Summary: Researchers recruited 494 incarcerated people with substance use disorders who were scheduled for release within 4-6 months from 10 prisons in 4 states and randomized them to receive standard substance use care or TES. Standard care included 2 hours per week of standard prison counselor led group substance use treatment for 8-12 weeks. TES involved 2 hours per week in a classroom for completing TES modules for 12 weeks. At 3 and 6 months after release from prison, participants completed measures of criminal activity, substance use, and HIV risk behaviors. Researchers extracted data about re-incarceration from Department of Justice records. Rates of re-incarceration and average numbers of days to re-incarceration were similar between groups. Participants in both groups reported significant improvements in criminal activity, substance use, and HIV risk behaviors between baseline and 3 and 6 months, with no significant differences between groups.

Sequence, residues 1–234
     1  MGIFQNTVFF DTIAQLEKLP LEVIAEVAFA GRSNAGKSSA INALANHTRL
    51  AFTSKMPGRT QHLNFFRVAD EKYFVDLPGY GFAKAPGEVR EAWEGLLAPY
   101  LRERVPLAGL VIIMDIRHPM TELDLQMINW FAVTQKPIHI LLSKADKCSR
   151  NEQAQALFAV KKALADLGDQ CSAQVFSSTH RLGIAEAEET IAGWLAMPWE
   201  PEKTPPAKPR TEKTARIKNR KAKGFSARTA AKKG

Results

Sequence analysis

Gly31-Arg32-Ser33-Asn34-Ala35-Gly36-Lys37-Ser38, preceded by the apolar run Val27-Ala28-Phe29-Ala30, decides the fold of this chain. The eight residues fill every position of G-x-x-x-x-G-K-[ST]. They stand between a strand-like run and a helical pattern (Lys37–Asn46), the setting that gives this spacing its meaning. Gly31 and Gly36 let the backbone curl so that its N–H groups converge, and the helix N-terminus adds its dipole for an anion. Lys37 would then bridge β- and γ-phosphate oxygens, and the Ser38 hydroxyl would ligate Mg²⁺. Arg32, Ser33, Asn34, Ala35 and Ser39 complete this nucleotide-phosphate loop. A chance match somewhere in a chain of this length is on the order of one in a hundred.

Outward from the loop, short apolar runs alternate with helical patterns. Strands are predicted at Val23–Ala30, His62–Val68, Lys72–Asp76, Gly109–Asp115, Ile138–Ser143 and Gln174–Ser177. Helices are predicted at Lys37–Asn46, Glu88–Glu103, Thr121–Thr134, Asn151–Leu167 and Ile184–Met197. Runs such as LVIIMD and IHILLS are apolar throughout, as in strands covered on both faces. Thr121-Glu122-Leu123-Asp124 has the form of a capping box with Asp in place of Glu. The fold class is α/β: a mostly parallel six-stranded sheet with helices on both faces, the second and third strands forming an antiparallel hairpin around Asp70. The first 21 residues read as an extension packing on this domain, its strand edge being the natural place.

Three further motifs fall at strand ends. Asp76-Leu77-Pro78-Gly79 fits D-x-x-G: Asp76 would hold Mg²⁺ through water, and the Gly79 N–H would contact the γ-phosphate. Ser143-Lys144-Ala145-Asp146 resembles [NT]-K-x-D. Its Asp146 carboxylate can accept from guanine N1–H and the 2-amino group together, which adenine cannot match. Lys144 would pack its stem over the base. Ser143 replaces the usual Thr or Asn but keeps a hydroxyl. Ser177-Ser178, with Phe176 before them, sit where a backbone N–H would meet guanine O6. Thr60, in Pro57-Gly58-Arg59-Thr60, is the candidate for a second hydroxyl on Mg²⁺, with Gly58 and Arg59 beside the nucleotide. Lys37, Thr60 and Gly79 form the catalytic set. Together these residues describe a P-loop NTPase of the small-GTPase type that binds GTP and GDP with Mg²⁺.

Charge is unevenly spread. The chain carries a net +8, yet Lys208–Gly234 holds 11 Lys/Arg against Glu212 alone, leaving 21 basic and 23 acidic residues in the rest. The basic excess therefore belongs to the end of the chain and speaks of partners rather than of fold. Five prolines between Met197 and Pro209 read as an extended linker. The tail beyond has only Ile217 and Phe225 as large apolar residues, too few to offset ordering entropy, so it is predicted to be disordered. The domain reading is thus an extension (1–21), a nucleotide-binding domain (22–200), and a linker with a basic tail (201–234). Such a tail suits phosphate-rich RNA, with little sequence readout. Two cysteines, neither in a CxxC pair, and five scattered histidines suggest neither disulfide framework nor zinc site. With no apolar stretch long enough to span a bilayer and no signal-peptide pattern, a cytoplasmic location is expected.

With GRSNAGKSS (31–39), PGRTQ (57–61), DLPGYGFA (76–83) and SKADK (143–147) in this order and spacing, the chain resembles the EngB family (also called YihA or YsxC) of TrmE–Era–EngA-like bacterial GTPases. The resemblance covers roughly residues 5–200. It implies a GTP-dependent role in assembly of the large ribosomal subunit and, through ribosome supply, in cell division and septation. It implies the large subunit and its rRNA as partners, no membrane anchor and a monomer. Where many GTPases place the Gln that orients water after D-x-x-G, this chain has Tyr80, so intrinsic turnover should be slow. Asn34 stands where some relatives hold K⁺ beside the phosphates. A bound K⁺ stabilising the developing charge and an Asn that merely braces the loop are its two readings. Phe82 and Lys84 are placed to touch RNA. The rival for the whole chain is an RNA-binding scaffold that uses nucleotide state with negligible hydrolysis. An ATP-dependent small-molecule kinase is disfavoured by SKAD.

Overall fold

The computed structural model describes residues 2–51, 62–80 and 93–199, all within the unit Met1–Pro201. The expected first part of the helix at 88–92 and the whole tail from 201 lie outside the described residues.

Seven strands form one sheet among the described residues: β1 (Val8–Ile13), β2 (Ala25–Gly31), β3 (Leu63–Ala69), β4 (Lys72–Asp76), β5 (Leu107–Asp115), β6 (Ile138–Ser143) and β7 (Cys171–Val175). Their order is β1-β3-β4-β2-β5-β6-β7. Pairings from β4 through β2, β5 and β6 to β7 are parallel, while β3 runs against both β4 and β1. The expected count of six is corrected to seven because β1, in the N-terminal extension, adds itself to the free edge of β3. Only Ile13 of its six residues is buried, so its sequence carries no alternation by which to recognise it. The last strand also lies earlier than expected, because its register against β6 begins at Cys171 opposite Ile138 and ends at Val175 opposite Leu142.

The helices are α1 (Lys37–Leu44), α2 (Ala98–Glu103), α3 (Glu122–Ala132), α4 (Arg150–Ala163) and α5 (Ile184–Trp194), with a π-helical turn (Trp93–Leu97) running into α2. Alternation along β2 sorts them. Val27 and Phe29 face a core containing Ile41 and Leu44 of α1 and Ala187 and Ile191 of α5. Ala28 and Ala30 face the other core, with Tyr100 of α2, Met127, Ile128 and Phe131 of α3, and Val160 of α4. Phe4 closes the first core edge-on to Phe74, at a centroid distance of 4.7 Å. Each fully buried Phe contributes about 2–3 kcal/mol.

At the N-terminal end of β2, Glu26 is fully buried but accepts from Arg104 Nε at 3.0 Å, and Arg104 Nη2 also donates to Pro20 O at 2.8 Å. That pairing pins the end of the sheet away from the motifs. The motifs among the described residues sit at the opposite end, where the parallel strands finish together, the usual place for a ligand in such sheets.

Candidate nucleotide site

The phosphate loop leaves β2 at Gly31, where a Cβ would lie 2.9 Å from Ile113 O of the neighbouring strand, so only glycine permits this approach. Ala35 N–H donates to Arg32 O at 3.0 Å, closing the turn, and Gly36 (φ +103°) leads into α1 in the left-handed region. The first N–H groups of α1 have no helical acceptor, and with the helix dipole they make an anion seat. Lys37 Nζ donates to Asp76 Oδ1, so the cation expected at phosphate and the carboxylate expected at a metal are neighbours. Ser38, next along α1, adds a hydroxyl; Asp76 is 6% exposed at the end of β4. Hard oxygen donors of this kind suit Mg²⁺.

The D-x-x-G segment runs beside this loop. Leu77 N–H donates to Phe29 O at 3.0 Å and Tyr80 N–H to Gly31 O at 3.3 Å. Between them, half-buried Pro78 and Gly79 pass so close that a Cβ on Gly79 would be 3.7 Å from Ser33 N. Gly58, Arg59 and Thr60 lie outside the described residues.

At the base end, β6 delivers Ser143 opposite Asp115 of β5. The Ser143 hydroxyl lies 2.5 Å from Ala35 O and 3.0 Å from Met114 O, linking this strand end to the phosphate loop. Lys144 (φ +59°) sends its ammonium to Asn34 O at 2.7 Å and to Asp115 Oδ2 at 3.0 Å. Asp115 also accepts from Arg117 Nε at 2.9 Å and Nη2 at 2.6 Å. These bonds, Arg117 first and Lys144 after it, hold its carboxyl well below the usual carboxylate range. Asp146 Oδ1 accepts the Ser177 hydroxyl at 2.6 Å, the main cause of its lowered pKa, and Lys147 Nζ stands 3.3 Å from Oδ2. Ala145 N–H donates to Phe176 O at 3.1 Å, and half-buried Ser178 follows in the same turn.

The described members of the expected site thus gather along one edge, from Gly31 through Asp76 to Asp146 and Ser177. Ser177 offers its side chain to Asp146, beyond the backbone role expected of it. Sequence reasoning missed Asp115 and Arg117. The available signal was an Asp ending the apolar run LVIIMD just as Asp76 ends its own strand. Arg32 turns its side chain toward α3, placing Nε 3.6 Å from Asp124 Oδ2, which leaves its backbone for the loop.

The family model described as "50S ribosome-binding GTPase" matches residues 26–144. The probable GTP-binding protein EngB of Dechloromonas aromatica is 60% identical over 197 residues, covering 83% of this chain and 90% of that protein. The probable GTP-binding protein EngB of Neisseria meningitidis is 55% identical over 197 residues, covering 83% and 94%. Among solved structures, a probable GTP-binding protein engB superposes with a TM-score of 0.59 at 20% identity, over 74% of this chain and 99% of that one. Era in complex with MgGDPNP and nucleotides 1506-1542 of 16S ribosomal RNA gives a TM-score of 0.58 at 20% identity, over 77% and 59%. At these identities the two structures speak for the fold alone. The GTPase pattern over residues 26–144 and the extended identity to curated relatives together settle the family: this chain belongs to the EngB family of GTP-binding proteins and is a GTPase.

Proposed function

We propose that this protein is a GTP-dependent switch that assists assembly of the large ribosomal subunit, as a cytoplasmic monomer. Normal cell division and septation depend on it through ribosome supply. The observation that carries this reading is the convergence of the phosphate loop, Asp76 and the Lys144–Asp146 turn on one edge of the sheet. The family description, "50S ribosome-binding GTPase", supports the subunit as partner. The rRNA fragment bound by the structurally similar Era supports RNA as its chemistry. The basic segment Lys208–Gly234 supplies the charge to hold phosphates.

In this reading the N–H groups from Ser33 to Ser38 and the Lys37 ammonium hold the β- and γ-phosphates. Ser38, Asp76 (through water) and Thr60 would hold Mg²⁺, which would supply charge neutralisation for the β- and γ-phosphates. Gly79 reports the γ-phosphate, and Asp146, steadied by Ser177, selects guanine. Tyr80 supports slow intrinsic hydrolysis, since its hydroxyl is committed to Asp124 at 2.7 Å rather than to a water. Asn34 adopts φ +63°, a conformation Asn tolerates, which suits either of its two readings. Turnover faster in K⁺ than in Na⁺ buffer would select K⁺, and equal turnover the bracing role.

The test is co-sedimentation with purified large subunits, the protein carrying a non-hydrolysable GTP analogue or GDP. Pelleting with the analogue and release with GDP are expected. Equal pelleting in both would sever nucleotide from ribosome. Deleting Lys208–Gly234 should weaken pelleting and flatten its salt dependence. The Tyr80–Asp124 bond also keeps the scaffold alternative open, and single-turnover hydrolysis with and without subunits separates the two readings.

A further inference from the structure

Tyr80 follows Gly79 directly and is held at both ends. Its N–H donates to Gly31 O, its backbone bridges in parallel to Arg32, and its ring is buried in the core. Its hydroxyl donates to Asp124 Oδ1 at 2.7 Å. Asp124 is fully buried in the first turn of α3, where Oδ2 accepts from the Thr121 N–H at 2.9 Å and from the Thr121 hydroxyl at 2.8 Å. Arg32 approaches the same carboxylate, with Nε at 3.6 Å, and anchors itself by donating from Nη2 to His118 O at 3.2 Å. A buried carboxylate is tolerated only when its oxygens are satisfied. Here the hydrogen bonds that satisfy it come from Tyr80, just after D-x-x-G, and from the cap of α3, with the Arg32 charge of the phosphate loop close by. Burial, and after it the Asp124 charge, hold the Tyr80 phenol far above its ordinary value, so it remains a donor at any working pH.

Take away: TES as a standalone intervention is comparable to standard prison substance use treatment for reducing substance use, criminal activity, and HIV risk behaviors in soon-to-be-released inmates.

  • Feasibility of a computerized intervention for offenders with substance use disorders: A research note.

    Chaple M, Sacks S, McKendrick K, et al. Journal of Experimental Criminology. 2014. 10:105-127. doi: 10.1007/s11292-013-9187-y